New research reveals nature’s beauty increases happiness

Tuesday 17th April 2018

Photo: Matthew Roberts

The Wildlife Trusts’ challenge for everyone to spend 30 Days Wild in June means people are likely to feel happier and want to care for the natural beauty around them.

Last June, 250,000 people took part in The Wildlife Trusts' annual nature challenge 30 Days Wild. The challenge encourages people to do something wild every day for the month.

Lucy McRobert, Campaigns Manager for The Wildlife Trusts said:
“30 Days Wild is a lovely way to get closer to nature and marvel at the everyday wildlife that lives all around you. Sit quietly and enjoy watching dragonflies dance over a pond or take a moment to sow a window-box of wildflowers to help bees. No matter how small the action, it all counts!”
 


Academics at the University of Derby have monitored the challenge since it began in 2015. They have discovered that people’s perception of beauty in the natural world is a key ingredient to unlocking the benefits of wellbeing and happiness experienced by participants in the challenge.

Dr Miles Richardson, Director of Psychology, University of Derby explains:
“Over the past three years we’ve repeatedly found that taking part in 30 Days Wild improves health, happiness, nature connection and conservation behaviours. Now we’ve discovered that engagement with the beauty of nature is part of that story.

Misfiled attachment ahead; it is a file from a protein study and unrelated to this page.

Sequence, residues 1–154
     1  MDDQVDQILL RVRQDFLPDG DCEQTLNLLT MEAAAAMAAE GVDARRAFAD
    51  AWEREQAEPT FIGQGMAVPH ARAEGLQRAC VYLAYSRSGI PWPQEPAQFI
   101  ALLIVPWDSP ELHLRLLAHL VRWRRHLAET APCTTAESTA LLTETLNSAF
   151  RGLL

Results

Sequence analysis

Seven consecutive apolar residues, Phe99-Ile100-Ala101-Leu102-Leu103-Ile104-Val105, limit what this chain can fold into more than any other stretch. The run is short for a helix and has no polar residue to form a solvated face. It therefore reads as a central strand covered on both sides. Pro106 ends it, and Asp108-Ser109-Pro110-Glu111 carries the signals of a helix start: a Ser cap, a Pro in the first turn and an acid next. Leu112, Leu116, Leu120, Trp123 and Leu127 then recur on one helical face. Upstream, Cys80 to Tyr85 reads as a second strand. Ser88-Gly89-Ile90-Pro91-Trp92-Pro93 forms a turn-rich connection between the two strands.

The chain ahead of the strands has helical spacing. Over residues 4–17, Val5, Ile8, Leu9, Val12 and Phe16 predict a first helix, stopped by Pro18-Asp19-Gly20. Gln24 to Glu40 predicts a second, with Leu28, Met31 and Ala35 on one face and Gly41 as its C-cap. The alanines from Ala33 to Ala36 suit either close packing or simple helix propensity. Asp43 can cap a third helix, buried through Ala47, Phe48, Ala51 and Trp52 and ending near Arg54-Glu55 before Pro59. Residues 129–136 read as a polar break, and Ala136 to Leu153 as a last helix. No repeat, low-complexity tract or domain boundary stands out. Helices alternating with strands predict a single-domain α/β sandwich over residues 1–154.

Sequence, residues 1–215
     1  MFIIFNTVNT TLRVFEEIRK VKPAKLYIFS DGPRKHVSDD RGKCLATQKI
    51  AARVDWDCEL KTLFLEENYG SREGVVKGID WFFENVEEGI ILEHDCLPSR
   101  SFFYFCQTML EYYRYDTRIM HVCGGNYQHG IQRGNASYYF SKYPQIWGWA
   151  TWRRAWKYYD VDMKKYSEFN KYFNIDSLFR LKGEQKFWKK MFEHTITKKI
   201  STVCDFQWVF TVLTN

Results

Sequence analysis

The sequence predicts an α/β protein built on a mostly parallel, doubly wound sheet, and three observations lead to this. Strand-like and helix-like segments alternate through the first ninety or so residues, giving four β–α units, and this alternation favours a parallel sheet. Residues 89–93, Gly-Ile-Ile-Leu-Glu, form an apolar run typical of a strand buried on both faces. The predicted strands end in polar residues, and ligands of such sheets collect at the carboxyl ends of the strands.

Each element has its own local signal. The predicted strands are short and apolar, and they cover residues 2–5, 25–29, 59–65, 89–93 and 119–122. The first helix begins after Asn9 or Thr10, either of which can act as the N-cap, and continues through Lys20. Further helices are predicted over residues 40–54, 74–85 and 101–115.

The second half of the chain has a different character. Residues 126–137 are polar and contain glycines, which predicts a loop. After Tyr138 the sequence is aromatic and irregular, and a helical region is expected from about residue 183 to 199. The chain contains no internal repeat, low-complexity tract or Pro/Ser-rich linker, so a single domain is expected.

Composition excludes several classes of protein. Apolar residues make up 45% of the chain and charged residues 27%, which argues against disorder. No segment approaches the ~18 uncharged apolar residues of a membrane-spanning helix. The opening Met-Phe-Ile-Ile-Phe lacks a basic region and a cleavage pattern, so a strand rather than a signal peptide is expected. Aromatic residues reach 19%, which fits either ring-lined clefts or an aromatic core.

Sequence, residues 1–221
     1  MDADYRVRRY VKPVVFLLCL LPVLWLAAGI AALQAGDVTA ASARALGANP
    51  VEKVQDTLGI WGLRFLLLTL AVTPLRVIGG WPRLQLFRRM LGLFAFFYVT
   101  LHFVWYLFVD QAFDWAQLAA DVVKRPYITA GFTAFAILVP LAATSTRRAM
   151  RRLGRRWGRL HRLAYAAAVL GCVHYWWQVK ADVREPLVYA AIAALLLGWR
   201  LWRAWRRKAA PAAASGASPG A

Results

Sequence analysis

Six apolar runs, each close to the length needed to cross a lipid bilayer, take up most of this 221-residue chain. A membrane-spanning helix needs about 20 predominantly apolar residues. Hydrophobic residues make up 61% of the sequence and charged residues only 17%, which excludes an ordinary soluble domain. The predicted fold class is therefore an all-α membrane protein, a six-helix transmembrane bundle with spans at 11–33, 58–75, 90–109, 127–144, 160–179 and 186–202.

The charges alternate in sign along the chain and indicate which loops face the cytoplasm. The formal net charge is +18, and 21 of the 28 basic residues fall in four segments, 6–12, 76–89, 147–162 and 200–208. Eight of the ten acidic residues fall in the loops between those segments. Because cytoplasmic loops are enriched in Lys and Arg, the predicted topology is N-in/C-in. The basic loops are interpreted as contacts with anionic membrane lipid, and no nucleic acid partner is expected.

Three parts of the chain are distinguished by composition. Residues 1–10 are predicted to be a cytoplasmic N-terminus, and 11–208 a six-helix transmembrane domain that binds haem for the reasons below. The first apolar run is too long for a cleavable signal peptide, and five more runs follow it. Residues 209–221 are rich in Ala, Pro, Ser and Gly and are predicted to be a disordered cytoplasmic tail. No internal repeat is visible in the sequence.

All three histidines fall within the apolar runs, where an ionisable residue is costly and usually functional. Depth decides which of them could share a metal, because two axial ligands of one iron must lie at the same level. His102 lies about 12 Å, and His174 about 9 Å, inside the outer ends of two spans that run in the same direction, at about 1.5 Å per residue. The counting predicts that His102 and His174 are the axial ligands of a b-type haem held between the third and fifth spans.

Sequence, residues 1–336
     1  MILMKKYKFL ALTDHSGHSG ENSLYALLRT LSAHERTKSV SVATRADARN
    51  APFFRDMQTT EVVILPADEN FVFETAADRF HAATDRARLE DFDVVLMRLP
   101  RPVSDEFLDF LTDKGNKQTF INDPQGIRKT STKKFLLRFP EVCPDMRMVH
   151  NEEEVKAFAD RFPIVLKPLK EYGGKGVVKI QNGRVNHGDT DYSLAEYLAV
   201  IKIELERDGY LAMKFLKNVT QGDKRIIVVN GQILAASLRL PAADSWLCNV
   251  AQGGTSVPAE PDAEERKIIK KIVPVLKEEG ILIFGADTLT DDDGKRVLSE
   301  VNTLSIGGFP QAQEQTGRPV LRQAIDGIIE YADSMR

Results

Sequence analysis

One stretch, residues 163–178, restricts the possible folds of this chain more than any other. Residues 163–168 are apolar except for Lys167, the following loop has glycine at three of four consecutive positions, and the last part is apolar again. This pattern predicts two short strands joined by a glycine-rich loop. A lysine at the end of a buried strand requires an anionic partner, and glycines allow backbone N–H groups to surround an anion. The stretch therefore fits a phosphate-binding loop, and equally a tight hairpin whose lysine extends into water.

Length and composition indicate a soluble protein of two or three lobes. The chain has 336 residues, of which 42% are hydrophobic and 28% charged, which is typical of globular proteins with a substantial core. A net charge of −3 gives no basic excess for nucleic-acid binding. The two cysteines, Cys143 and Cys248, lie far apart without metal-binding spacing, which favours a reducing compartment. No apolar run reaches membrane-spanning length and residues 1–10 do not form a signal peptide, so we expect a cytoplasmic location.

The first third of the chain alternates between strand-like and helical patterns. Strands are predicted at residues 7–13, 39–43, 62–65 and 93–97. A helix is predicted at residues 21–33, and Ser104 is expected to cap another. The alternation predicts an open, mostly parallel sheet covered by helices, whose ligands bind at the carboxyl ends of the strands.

“Tuning-in to the everyday beauty of nature becomes part of a journey which connects us more deeply to the natural world. As people’s appreciation of natural beauty increases, so does their happiness. We respond to beauty - it restores us and balances our emotions. This, in turn, encourages people to do more to help wildlife and take action for nature.”

The latest set of results from the study of 30 Days Wild also confirms that the benefits of the challenge last well after the month has ended. There are indications that the beneficial impact of taking part could last an entire year.
 

Take part in 30 Days Wild

  • Sign-up to take part in 30 Days Wild and share your Random Acts of Wildlife using #30DaysWild
  • Free packs will be sent to the first 50,000 people who sign up - you can also get a digital pack
  • Phone app - Digital delivery of daily ideas and Random Acts of Wildness 

New research on link between natural beauty and happiness - University of Derby’s evaluation 

The University of Derby have monitored participants of 30 Days Wild since it began in 2015.

30 Days Wild: Development and Evaluation of a Large-Scale Nature Engagement Campaign to Improve Well-Being by Miles Richardson, Adam Cormack, Lucy McRobert, Ralph Underhill was published Feb 2016. Online here.

A summary of the evaluations done of the participants of 30 Days Wild 2016 and 2017 are here.


Photos: Matthew Roberts